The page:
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Affiliation: Doctoral Student (Stewart successfully passed the defense of her PhD dissertation in fall 2010)

Program: PhD, Educational Policy and Theory

Education: BA, St. John Fisher College (History): M.S., University of Minnesota at Mankato (Women’s Studies)

Background: Taught college courses, public school (seventh grade), community education, and alternative education

Career Goal: Tenure-track faculty position at a research university

Dissertation Title: Social Capital, Interdistrict Transfer, & Middle Class Education: Experiences from a Voluntary Program

Dissertation Sponsor: Kara Finnigan, associate professor in educational policy at the Warner School; Committee Members: Brian Brent, Earl B. Taylor Professor and associate dean for graduate studies at the Warner School, and Jennifer Jellison Holme, assistant professor in educational policy and planning at The University of Texas at Austin

Publications:
Finnigan, K.S., & Stewart, T. (2009). “Leading Change Under Pressure: An Examination of Principal Leadership in Low-Performing Schools” The Journal of School Leadership, 19(5), 586-618.

Brent, B.O., Finnigan, K.S., Stewart, T. (2009). “Do you have their support?” How to make informed decisions using focus groups. School Business Affairs, 75(1), 14-17.
Tricia Stewart

 

Tricia Stewart

Tricia Stewart’s journey to being in education was nontraditional, but what has swept her there is her passion for making a difference.

Her interest in helping people, both younger students and older adults, succeed was transferred to education from social programming after she began working in alternative education.

A pivotal moment in Stewart’s career was when she helped an 84-year-old adult, whose lifelong goal it was to get his high school diploma, obtain his General Equivalency Diploma (GED). “This helped cement what people had been telling me for a long time—that I should become a teacher,” says Stewart.

At different points throughout her life, people reiterated to Stewart that she should be a teacher and encouraged her to further her education. “The universe kept putting me on the same path to education,” recalls Stewart, who has since taught middle school, college, and community education students, as well as students pursuing their GED.

After becoming a certified teacher and having taught middle school in two different school districts, she matriculated into Warner’s PhD program in educational policy and theory. Her desire to help people carries over into her doctoral work today as she strives to help others understand what educational policy is and how they can impact change.

“Educational policy is a place where you can make larger change than just the pebble in the pond,” says Stewart. “Every issue in education is a policy issue at either the local, state, or federal level, and people don’t have a clear understanding of that. I think that as more people get exposed to policy courses, they are really impressed by how much they enjoy and learn from it—I think that is the unknown, hidden little gem of educational policy—and when most people get a little bit of it, they like it a lot.”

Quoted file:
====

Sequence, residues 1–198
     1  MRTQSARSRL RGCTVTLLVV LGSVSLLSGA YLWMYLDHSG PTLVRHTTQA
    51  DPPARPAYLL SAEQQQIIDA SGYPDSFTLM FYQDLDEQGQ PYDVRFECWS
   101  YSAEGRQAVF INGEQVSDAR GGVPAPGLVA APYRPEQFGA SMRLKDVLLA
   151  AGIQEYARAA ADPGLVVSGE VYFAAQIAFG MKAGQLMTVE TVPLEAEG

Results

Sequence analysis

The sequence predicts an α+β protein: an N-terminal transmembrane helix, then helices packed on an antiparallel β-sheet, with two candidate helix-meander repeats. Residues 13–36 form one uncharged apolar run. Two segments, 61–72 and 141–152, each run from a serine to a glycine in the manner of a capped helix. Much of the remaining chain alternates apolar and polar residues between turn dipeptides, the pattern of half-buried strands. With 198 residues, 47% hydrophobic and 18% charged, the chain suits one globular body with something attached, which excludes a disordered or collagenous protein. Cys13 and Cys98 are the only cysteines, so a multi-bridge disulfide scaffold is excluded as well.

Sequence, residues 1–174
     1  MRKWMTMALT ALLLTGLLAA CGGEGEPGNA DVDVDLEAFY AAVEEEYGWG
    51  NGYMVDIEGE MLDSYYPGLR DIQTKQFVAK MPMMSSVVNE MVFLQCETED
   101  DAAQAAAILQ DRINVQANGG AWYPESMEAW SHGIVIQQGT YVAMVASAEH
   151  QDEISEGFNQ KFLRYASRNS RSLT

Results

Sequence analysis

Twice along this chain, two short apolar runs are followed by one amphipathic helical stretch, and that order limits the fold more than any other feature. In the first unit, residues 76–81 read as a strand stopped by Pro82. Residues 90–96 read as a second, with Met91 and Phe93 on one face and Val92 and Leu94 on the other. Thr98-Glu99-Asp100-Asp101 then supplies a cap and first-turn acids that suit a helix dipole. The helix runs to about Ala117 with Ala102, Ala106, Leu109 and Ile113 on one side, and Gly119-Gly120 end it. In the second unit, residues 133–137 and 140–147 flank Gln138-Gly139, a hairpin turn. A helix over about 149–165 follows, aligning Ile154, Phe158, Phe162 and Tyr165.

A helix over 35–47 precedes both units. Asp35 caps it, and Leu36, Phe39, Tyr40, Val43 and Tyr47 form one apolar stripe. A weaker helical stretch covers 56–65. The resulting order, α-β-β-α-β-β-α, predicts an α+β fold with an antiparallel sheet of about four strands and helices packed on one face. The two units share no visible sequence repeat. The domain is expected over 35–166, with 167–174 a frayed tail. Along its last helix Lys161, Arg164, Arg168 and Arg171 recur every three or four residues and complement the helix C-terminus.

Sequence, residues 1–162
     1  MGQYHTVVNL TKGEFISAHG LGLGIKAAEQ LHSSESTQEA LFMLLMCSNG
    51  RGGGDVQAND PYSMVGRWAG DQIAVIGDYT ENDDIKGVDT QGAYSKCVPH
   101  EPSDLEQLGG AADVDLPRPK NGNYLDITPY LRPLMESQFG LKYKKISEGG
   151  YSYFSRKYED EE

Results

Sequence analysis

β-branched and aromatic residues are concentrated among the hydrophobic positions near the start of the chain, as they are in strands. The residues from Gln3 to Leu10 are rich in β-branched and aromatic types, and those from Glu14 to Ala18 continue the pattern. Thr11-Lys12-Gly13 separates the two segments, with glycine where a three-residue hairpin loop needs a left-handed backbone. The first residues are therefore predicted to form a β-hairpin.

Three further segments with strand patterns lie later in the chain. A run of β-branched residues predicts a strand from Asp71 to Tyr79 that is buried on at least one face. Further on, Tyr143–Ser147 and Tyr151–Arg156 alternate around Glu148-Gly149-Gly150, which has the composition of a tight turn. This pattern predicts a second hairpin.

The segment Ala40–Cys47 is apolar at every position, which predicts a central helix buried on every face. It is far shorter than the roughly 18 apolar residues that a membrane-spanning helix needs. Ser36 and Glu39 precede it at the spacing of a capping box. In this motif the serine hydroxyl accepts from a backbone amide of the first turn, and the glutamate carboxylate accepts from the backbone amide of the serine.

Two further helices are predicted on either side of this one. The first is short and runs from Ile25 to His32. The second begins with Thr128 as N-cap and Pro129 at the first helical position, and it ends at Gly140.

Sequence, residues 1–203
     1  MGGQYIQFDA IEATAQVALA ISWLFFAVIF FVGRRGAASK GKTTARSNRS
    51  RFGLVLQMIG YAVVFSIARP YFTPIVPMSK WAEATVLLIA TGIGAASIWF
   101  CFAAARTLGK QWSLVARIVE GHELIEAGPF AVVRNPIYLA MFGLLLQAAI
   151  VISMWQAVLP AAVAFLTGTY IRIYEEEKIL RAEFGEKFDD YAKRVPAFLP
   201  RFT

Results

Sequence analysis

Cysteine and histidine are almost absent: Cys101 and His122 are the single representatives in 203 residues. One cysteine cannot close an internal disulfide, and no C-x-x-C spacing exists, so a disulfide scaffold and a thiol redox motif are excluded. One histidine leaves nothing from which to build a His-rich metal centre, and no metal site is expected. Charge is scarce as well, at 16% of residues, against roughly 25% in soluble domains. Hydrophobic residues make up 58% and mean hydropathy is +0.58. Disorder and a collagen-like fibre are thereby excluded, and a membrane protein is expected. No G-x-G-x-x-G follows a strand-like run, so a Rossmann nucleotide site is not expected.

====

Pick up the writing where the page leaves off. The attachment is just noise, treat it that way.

Stewart, who successfully passed the defense of her PhD dissertation this fall, focuses her research on social class and social capital in the Urban-Suburban Interdistrict Transfer Program in Rochester, N.Y. This program, the oldest of eight voluntary school desegregation programs in the country, provides minority students from the city access to suburban schools. Through her work, she looked at how social class, family of origin, and social capital allowed some people in the program to be more successful than others.

Stewart collected data through surveys and phenomenological interviews, where she interviewed graduates three times—the first time to focus on their life history, the second time to focus on their experiences during the program, and the third time to focus on the meaning they made from that experience.

In her research, she used a mixed methods study to understand the experiences of graduates from this program who now reside up and down the northeast coast. Her aim was to provide information that will inform this type of interdistrict choice policy and make policy recommendations based on the experiences of these graduates.

While the focus of her doctoral work has been on urban and suburban schooling, her aspiration to make a difference in education also extends to rural schools, not surprising since she grew up with a rural school K-12 education.

When Stewart graduates in 2011, she hopes to combine her passion for helping others with her knowledge of education policies to create systemic change in K-12 schools.

“If in 10, 15, or 20 years from now, somebody said ‘that Tricia Stewart made a difference in education,’ that would be meaningful for me,” she adds.

(Published November 2010)

Tags: educational leadership, educational policy, educational policy and theory